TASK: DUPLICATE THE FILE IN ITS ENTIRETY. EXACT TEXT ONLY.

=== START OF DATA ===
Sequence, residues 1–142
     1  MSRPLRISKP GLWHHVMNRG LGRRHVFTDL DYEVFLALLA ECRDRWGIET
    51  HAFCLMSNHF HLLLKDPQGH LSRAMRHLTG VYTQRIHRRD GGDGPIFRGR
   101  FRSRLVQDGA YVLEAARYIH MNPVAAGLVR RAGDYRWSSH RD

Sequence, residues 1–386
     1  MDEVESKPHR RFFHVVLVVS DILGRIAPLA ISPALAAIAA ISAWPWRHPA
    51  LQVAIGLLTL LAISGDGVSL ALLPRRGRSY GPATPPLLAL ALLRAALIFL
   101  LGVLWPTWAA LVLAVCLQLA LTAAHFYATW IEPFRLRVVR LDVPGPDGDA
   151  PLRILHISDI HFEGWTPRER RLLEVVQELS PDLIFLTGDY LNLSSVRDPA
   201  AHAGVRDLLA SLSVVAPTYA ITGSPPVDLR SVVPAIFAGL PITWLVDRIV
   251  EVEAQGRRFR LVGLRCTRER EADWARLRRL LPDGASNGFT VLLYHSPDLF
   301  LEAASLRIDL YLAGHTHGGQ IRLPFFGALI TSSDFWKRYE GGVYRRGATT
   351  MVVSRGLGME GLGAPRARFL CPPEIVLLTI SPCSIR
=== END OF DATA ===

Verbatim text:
Sequence, residues 1–142
     1  MSRPLRISKP GLWHHVMNRG LGRRHVFTDL DYEVFLALLA ECRDRWGIET
    51  HAFCLMSNHF HLLLKDPQGH LSRAMRHLTG VYTQRIHRRD GGDGPIFRGR
   101  FRSRLVQDGA YVLEAARYIH MNPVAAGLVR RAGDYRWSSH RD

Sequence, residues 1–386
     1  MDEVESKPHR RFFHVVLVVS DILGRIAPLA ISPALAAIAA ISAWPWRHPA
    51  LQVAIGLLTL LAISGDGVSL ALLPRRGRSY GPATPPLLAL ALLRAALIFL
   101  LGVLWPTWAA LVLAVCLQLA LTAAHFYATW IEPFRLRVVR LDVPGPDGDA
   151  PLRILHISDI HFEGWTPRER RLLEVVQELS PDLIFLTGDY LNLSSVRDPA
   201  AHAGVRDLLA SLSVVAPTYA ITGSPPVDLR SVVPAIFAGL PITWLVDRIV
   251  EVEAQGRRFR LVGLRCTRER EADWARLRRL LPDGASNGFT VLLYHSPDLF
   301  LEAASLRIDL YLAGHTHGGQ IRLPFFGALI TSSDFWKRYE GGVYRRGATT
   351  MVVSRGLGME GLGAPRARFL CPPEIVLLTI SPCSIR